[CTR Hand 2:] This place called Tamoanchan and Xochitlicacan is the place where these gods they had were created, which is like saying the terrestrial paradise. And therefore they say that when these gods were in that place they transgressed by cutting roses and branches from the trees, and thus Tonacatecuhtli and his wife Tonacacihuatl were greatly angered and cast them out of that place. And because of this some came to earth and others to hell, and these are the ones who terrify them.7*

Other variants place the blame mainly upon one of the goddesses.

[CTR Hand 3 = Fray Ríos:] This Itzpapalotl is one of those who fell from heaven with the others who fell from there; those who fell from there are the following: Quetzalcoatl and Huitzilopochtli, Tezcatlipoca, Tonacatecuhtli, Hohualtecuhtli, and Tlahuizcalpantecuhtli. These are the sons of Citlalicue and Citlalatonac. This means that in that garden they ate those roses, and this only lasted a short time, and then the tree was broken.8*

Here we find the figure of Itzpapalotl, "Obsidian Butterfly," who in many ways corresponds to Flint, the enemy of Redhorn and Hare both. As can be seen in the illustration below, her dorsal standard is the broken tree of Tamoanchan. In this illustration from the Mapa De Cuauhtinchan No. 2, the standard is severed by an arrow (or atlatl dart). The page on which the last annotation was written, shows the Tree of Tamoanchan bleeding where it had broken.9* Itzpapalotl plucked the flower from the sacred tree, and Ríos says that she actually ate it, although this is surely a case of Christian assimilationism. Flowers have the same sexual duality ascribed to the Supreme Couple, so the seizure of the flower was treated as an attack on the dualistic entity and resulted in the expulsion of the gods from Tamoanchan. The breaking of the unity of the gods with their origins was captured in the felling of the tree, since trees connect the upper and lower worlds. Itzpapalotl exemplifies the sexual duality of the Supreme Couple: when she claimed for herself the sexually dualistic flower, she reiterated her inherent split-unity, expressed in her alloform as the two-headed deer that descended from the heavens to threaten Mimich and Mixcoatl, a cervid who was at once a doe and an antlered stag.10 The strange standard held in her right hand in the Mapa, shaped in the "V" of unity-in-duality, unites a phallus, the engenderer of life, with the severed leg of a sacrificed ball player, an exemplar of death.11* Yet these are dual elements of an underlying unity, since in sacrifice life (reproduction) and death are one and the same.12*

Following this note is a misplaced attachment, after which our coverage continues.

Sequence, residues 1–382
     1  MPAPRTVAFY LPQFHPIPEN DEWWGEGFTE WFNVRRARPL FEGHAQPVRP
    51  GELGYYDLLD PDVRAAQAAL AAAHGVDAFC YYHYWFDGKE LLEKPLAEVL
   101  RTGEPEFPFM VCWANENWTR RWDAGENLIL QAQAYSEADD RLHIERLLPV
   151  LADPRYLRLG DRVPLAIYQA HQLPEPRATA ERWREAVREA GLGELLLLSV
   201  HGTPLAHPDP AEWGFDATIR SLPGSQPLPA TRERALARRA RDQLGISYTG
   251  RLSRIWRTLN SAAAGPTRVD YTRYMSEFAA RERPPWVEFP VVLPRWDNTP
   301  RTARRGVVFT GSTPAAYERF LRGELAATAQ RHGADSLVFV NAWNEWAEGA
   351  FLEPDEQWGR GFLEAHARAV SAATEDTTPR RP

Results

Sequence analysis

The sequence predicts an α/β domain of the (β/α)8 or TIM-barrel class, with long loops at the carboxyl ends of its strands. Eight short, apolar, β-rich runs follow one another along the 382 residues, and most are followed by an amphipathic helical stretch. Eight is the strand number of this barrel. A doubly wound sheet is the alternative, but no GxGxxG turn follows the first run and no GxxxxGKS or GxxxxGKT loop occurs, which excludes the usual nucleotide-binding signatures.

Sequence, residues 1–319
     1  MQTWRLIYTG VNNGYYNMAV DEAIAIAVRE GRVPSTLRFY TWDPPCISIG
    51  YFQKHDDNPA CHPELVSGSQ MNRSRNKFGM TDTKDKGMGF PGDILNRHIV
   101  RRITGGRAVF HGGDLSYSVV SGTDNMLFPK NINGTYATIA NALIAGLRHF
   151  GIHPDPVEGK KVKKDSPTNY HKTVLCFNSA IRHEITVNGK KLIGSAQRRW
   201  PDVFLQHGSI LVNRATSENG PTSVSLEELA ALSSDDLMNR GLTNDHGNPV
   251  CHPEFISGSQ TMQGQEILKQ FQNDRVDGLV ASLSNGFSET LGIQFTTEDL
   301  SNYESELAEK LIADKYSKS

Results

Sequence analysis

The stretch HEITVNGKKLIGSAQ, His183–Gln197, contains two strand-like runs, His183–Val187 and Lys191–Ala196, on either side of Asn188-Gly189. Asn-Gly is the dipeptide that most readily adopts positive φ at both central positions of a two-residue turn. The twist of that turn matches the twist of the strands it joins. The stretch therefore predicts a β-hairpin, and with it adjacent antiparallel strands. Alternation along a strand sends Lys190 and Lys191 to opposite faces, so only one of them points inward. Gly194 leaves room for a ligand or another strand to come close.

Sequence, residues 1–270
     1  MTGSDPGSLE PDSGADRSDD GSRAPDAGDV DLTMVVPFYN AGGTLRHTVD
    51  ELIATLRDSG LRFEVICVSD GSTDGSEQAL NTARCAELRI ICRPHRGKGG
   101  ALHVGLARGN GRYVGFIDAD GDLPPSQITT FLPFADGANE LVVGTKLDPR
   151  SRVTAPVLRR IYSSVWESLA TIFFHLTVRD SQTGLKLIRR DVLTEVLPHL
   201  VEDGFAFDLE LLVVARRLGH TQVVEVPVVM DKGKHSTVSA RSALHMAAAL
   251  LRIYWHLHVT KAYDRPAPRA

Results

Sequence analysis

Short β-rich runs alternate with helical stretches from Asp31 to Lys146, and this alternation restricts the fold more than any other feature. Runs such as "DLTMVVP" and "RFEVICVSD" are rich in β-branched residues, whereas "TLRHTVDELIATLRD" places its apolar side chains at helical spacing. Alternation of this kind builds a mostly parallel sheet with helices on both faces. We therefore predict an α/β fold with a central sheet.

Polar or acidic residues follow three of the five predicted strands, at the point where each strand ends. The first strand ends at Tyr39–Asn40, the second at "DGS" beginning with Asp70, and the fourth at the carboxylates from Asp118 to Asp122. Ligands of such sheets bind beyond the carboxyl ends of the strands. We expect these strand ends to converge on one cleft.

The Flowering Tree of Tamoanchan, from CTR Itzpapalotl, Redrawn from
Mapa De Cuauhtinchan No. 2
13 14

The Spanish annotators do not agree on whether Tamoanchan was a celestial or terrestrial paradise, but it appears that as in the Hočąk case, it was a place without labor. Fray Ríos says,

To express that this fiesta was not good and that what they did was out of fear, they depict this tree bleeding and broken in half, as if to say, fiesta of labors caused by that sin.15

So the transgression at Tamoanchan, like that of Hare in the land of perpetual summer, resulted in the curse of labor. This implies that prior to their expulsion, they had been living in a place where everything was automated and there was no labor. In this version, Fray Ríos tells us of yet another variant in which a different woman was guilty of having picked the flower ("rose").